William Harley https://en.wikipedia.org/wiki/Wallace_Hartley One of my biggest heroes who I am inspired by every day is not someone you would expect. His name is Wallace Hartley and he was a violinist on the ship Titanic. Many who have seen the iconic film version of Titanic will notice him towards the end of the movie where he and his musical group continue to play despite the ship slowly sinking into the Arctic water in the North Atlantic Ocean. The reason behind him being one of my heroes is because of two reasons, the movie and music. As long as I could remember I have always watched the movie Titanic with my family and friends. It is one of my all time favorite movies and growing up I would always wonder why the musicians did not try to save themselves when the ship hit the iceberg. Later on, I began playing the flute and becoming heavily involved in music and became more fascinated with this scenario. It turns out the reason behind him and his fellow musicians continuing to play was because he believed the music would prevent panic and create a calm environment. This is his back story.
Wallace Hartley was from a small town of Colne in Lancashire, England. He was introduced to music through his father who was the choirmaster at the Methodist Church who also was responsible for showing him the song "Nearer, My God, to Thee" which was the last song Wallace would play on the Titanic. Later on in life, his family moved to Huddersfield and he joined the Huddersfield Philharmonic Orchestra. Once he knew music was his passion and hopeful career, he left home and joined the municipal orchestra in Bridlington, where he stayed for six years. Finally, he moved to Dewsbury, West Yorkshire in 1909 and joined the Cunard Line as a musician and had the ability to play on significant ships such as RMS Lucania, RMS Lusitania, and the RMS Mauritania.
While he was on the RMS Mauritania, all musicians who were under Cunard were moved to a new music agency of C.W. and F.N. Black, which supplied musicians to other ships companies such as Cunary and the White Star Line. Once this transferred happened, Hartley was no longer a crew member, but instead just a passenger who had access to second class accommodations. In April 1912, Hartley was assigned to be the concert master for the White Star Line ship known as the RMS Titanic. While he was hesitant at first for joining Titanic because he had recently proposed to Maria Robinson, he decided that it would be an exciting opportunity he could not miss.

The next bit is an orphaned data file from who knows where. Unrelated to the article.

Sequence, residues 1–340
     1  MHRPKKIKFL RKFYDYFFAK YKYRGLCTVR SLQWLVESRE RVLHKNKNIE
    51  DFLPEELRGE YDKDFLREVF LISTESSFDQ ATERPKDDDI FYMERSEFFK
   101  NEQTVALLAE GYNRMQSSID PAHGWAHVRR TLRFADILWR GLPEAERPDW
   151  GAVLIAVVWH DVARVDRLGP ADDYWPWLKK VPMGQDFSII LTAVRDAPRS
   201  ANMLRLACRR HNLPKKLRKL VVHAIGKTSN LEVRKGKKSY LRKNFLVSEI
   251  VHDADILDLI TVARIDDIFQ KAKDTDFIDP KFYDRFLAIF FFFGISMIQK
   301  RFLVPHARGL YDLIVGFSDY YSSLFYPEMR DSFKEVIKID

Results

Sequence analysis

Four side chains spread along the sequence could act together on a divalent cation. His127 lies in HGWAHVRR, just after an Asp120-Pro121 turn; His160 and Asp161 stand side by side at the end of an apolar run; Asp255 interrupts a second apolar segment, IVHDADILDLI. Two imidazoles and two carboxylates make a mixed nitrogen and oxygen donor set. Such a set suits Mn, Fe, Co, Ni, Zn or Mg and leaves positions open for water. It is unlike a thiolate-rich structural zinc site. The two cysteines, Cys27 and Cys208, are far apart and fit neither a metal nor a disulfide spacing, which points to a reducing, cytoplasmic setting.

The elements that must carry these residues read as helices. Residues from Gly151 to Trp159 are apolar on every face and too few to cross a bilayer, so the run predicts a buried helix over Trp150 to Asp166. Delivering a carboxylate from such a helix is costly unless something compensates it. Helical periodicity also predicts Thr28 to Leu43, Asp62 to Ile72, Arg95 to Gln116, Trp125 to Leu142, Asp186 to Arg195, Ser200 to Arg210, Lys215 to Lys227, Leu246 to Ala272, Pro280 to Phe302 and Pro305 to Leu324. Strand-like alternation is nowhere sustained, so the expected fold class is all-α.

Before the crash on the RMS Titanic he did not show many outstanding forms of heroism or courage, he showed his true colors on April 15, 1912. As the Titanic began to sink, instead of using his privilege of being seen as a passenger and trying to escape, he instead played cheerful music with his fellow colleagues. While none of the musicians survived the crash, many eye-witnesses who were on the Titanic remember the band who uplifted them through their music. One survivor stated that he had seen Hartley and his band standing on the boat deck, near the entrance of the grand staircase, near the base of the second funnel, playing their last tunes. This same witness also claimed to have seen three of them wash away while the other five held on to the railing on top of the Grand Staircase stating, "Gentlemen, I bid you farewell."
What is interesting in this unusual act of heroism is that to friends and family, he seemed to know that this ship would sink and had a plan. In an interview with Ellwand Moody who had worked closely with Hartley, he stated that Hartley had already accepted his fate before arriving on the ship, "I remember one day I asked him what he would do if he were ever on a sinking ship and he replied, 'I don't think I would do better than play Oh God Our Help in Ages Past' or 'Nearer, My God, to Thee.'" It has been confirmed by many witnesses that the last songs he played were indeed those pieces, leaving us to believe that was his version of goodbye. He believed that these songs would help prevent panic and create calm as his main concern was never himself, but rather strangers.
Later on, a newspaper reported, "the part played by the orchestra on board the Titanic in her last dreadful moments will rank among the noblest in the annals of heroism at sea." After this newspaper, the Orchestral Association organized a memorial concert at the Royal Albert Hall in honor of not only Wallace Hartley, but all those musicians who took their life to try and create a calmness in others. Five hundred musicians from around the world attended this event, and for the rest of history he will go down as one of the bravest and most courageous people to board the Titanic. That is why he is one of my heroes because he used his music to convey a deeper meaning and try to illustrate a sense of hope in a time of tragedy.
Page created on 4/23/2018 3:44:55 PM
Last edited 6/9/2018 3:47:50 PM